"In long interviews at his apartment off Fordham Road in the Bronx, however, Mr. Merritt rarely contradicted himself. Court records confirmed his mastery of details. He insisted that I portray him as deeply flawed." — The request of Earl Robert Merritt, who now claims that he framed hundreds of people for the NYPD, leading to their arrest for possessing guns or narcotics—or other crimes.
Jessica Roy flew to Detroit to attend the International Conference on Men's Issues, and while there was, naturally, a "palpable distaste for women," there was something more: But what I didn’t expect was how it would make me feel: sad and angry and helpless and determined, all at the same time. Moreover, I didn’t expect to talk to so many men in genuine need of a movement that supports them, a movement that looks completely different from the one that had fomented online and was stoked by many who spoke at this three-day conference.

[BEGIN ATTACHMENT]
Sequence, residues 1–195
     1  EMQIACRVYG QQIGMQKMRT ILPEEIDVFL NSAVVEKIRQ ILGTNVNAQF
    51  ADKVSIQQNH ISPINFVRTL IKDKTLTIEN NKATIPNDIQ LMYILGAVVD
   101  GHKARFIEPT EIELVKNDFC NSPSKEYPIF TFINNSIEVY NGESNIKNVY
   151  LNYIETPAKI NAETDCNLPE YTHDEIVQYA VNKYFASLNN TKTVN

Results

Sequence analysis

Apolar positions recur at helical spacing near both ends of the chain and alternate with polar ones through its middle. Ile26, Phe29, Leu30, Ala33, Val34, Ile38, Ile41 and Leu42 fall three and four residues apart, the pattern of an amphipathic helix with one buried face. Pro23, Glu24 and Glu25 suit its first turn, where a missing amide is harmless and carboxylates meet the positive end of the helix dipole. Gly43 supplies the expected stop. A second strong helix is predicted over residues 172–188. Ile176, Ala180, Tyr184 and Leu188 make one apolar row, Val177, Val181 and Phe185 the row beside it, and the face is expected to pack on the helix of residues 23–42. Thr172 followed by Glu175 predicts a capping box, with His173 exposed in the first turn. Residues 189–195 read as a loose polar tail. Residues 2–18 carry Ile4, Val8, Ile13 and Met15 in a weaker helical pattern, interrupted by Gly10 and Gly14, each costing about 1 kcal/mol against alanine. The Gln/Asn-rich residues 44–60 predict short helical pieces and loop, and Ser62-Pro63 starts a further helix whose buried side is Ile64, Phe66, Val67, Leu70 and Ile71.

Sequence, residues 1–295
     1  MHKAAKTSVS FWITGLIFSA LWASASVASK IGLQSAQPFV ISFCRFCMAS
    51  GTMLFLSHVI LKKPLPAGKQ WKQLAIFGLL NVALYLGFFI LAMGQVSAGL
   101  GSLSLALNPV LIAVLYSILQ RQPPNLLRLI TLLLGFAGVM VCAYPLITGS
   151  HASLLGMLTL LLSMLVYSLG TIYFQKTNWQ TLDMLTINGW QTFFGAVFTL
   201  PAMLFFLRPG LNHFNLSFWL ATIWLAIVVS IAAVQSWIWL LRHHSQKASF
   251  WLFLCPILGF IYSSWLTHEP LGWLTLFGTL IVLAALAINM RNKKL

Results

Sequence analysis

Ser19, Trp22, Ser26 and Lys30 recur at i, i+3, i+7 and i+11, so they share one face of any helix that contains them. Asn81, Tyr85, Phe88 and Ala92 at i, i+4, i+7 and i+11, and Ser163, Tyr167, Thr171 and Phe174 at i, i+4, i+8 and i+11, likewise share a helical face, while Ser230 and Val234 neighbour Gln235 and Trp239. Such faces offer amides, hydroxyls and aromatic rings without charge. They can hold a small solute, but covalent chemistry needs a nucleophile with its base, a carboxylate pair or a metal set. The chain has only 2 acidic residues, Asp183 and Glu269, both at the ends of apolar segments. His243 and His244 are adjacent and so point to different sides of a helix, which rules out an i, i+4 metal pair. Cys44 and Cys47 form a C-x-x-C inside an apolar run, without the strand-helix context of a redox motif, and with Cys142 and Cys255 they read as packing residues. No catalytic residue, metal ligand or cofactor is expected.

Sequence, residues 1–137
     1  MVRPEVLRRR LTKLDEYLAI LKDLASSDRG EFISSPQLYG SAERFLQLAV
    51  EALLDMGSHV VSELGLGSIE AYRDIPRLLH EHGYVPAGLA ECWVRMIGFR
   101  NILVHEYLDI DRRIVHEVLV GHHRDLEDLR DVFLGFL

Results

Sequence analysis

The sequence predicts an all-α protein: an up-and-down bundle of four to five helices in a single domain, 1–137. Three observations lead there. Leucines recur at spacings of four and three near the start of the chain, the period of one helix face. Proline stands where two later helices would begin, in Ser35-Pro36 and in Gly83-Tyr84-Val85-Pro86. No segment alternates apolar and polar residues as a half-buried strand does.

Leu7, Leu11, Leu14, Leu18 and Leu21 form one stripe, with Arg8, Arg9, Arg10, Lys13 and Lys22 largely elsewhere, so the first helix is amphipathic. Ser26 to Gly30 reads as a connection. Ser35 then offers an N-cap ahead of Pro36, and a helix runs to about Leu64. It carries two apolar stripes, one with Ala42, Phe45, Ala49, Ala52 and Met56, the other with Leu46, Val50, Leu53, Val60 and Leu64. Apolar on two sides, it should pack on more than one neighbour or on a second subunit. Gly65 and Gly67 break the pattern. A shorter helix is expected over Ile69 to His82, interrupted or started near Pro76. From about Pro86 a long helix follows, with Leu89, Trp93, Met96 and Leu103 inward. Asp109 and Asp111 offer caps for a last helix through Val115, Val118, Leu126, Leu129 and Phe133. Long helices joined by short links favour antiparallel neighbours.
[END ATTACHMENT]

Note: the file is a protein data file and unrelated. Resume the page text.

And you'll never guess what they called her.
"Brooklyn is our home and we're already hard at work developing a freaky, space-age utopia that will give today's creative visionaries a place to produce astonishing stories and leave their indelible thumbprint on the annals of history," says a spokesperson for Vice.
It has been more than a full moon cycle since one was able to purchase books published by Hachette in a reasonable manner from Amazon, which—despite selling books largely as an accident of history, and now essentially vestigially—has a forty percent share of new book sales in the U.S. But this hostage situation will apparently see only one resolution: the complete and utter capitulation of Hachette to whatever Amazon is demanding. Russ Grandinetti, a Kindle executive, told the Wall Street Journal that Amazon "was willing to suffer some damage to its reputation and was simply doing what is 'in the long-term interest of our customers.'" Books were [...]